This summer in Indonesia, I worked with a grantee organization of the Global Fund for Women called Rifka Annisa (which means “Friends of Women”). One of this NGO’s main efforts is to help women who have been trafficked as “domestic servants” to reclaim their lives. Six million women are currently trafficked in Indonesia. Most of them are sent to work in countries in the Gulf States and in other Asian countries like Malaysia and Pakistan. The following are two photo-documentary stories of women who have survived the experience of being “trafficked.”
The staff of Rifka Annisa and I drove for two hours from Yogyakarta to the village of Gunung Kidul. There, I met Seni Lestari, a 27-year-old woman. She was living with her husband, her son, and her mother. Three years ago, in desperation of finding a job, she contacted an agency that promised to place her as a domestic servant in Saudi Arabia. As a housewife, Seni thought her background had prepared her for the demands of the job. Unfortunately, her employers had something else in mind. Seni was the “domestic worker” for a large family with 12 children and 7 grandchildren. She was forced to work from 5 am until 1 am, nearly 20 hours a day without any days off. Seni was often beaten if the work was not done properly. She was able to contact her family only for the first few months – and then she lost communication with her family in Indonesia. During the first two years of her work, she received only five months of compensation.
As I am sitting in Seni’s home and listening to her story, I watch her son and husband and mother and try to imagine what it must have felt like for them to know Seni was being held as a domestic slave, without a way to contact them. I had so many questions: Why didn’t her mother, Murjinem, try to contact her? In fact, Murjinem did call many times, but Seni’s employer simply hung up on her and never told Seni her mother had called. Why didn’t Seni try to run away? Seni feared that a foreign woman alone in Saudi Arabia may be raped, and the thought of that kept Seni a prisoner. During the first few months when Seni was able to speak with her mother, Murjinem actively discouraged her from trying to run away. Why didn’t Murjinem try to contact the Indonesian Embassy to get help for her daughter? Apparently she did, but received no response. Murjinem also tried to contact the agency that had sent her daughter to Saudi Arabia, but the “agency” no longer existed.
After two years, when Seni’s contract had ended, she was informed by her employer that she could not return home: she would be held prisoner as a domestic slave. Here is where the organization Rifka Annisa started to intervene and to work with the Indonesian Embassy to release Seni. It took a year for her to regain her freedom. In fact, Seni returned home only two weeks ago. It is difficult to imagine the pain and suffering that her son, her husband, her mother, and of course Seni, endured during this three-year nightmare. Thanks to Rifka Annisa, Seni is now reunited with her family.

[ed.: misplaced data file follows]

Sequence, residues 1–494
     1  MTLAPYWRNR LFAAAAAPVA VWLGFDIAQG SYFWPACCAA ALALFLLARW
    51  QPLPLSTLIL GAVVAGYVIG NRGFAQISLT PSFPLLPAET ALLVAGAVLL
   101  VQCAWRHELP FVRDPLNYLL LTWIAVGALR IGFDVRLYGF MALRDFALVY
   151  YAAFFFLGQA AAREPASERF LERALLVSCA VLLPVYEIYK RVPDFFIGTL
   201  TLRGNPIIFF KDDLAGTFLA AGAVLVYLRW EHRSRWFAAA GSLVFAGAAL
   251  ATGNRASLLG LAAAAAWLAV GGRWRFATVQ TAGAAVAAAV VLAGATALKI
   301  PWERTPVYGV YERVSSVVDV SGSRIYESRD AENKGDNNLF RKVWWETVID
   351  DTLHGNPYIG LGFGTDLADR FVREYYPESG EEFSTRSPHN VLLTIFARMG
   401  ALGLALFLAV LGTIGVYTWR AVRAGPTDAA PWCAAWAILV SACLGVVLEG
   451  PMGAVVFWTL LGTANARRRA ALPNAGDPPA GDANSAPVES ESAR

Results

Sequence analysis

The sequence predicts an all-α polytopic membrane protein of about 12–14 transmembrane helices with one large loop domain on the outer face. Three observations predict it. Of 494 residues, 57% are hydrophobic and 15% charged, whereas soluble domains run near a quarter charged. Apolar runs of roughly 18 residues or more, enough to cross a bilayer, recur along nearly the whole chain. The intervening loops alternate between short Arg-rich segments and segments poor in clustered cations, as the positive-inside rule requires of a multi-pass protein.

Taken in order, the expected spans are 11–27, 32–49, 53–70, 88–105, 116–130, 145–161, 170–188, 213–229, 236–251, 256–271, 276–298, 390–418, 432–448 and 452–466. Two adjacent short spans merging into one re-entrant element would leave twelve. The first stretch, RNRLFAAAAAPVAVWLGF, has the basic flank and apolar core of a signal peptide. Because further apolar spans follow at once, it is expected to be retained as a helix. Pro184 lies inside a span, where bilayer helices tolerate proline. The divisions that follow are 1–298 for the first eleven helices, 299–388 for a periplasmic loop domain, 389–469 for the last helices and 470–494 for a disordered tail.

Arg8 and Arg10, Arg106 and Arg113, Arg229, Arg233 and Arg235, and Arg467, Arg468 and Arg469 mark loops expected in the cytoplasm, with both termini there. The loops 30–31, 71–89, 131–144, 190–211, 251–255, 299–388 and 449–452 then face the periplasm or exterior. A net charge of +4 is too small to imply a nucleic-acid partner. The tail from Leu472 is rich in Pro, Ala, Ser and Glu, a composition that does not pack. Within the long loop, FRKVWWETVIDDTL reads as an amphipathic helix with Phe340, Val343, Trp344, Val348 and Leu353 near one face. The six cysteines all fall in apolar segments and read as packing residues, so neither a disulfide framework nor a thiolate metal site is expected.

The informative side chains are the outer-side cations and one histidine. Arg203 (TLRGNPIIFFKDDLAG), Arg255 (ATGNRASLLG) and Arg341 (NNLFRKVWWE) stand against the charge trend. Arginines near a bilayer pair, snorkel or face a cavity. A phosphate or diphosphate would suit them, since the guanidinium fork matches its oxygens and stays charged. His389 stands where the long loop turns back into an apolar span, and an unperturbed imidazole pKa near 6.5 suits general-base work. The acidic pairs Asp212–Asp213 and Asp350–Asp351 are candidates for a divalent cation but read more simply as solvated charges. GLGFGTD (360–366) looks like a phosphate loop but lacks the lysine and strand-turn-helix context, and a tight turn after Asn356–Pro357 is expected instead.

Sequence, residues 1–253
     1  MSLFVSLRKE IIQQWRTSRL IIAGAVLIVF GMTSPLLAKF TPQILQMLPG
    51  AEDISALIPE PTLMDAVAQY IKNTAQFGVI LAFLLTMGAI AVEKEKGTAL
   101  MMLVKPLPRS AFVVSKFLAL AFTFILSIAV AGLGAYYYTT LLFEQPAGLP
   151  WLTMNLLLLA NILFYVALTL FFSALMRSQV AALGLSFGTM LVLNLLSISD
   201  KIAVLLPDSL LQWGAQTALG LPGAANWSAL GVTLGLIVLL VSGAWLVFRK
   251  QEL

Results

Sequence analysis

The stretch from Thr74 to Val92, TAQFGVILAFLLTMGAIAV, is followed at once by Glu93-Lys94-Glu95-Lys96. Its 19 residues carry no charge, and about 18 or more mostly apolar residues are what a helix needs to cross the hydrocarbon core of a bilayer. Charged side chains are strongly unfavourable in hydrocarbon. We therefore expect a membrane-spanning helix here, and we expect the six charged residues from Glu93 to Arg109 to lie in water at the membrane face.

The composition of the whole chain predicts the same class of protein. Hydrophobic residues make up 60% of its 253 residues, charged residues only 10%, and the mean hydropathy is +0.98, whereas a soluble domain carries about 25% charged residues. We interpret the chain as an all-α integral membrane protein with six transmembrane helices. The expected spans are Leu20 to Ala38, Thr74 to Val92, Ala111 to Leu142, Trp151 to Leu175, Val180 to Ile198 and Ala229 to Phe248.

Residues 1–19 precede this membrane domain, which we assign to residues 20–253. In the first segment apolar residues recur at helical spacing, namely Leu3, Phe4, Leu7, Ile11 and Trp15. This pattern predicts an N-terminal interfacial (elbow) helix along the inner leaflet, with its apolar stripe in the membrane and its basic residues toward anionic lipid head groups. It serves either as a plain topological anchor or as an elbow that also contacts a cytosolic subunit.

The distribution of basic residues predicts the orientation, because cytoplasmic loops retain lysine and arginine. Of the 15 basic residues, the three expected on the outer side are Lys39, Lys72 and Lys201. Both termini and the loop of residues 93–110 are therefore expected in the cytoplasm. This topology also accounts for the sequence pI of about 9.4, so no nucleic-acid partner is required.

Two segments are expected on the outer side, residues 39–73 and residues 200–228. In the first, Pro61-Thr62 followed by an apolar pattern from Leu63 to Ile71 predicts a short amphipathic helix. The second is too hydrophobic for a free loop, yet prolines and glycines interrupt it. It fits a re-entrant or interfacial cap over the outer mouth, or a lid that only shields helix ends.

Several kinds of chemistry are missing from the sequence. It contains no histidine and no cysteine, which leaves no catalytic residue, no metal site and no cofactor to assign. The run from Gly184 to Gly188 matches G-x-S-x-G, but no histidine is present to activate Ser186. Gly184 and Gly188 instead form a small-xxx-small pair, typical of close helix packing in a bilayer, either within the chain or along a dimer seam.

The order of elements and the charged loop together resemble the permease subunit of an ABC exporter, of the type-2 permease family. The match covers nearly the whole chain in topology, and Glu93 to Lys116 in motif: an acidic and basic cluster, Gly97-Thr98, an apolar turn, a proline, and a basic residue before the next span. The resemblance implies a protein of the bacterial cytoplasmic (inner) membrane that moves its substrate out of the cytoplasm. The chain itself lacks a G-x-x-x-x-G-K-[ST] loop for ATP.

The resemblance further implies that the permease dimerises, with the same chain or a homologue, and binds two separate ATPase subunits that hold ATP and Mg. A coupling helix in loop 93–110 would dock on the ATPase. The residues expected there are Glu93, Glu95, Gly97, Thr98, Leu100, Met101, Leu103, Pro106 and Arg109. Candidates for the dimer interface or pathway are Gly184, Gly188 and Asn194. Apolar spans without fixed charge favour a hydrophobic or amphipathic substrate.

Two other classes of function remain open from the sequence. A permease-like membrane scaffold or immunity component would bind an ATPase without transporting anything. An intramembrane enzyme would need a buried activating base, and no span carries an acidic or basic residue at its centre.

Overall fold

Niawati is the second victim of trafficking whom I met. Not surprisingly, she also came from a small village and struggled to make ends meet. When her husband left her to live with another woman, she had to bear the economic burden of supporting herself and her child. Nia, as she is commonly called, connected with illegal traffickers who smuggled her into Malaysia to work as a maid. Only her parents knew of her plan; she did not tell any of the village officials who might have discouraged her.
Nia started working with a family in Penang, but was passed around to several families, each of which mistreated her. She finally landed with a Pakistani family. The husband had two wives, an Indonesian wife and a Pakistani wife. Nia worked with this family for three years, suffering abuse from the Pakistani wife who beat her and withheld payment. All of Nia’s salary had been sent directly to the trafficker as compensation for the expense of bringing Nia to Malaysia. She was in a desperate situation, as she was illegal and felt she had no legitimate means to denounce the abuse. She was also isolated and had no way to contact her parents back home. Then one day the Indonesian wife apparently took pity on Nia, and gave her $45 to buy a telephone, which she immediately used to call her parents.
Responding to the crisis, Nia’s parents contacted the village leader, who contacted Rifka Annisa. The NGO then set out to work with the Indonesian embassy in Malaysia to repatriate Nia. Again, it took over a year to free Nia. Her ordeal, which began with a two-year contract in 2007, did not end until she returned home four years later, in 2011.
We originally drove to Nia’s parents’ home, where we had hoped to see her united with her family and child. Nia was not living at home, however. In fact, she was working as a maid in another household in Yogyakarta. Her employer was treating her very well, and I actually photographed her in her new household. It was clear that she had not overcome the trauma of the four years in Malaysia, where she had lived as a slave without any of the most basic human freedoms.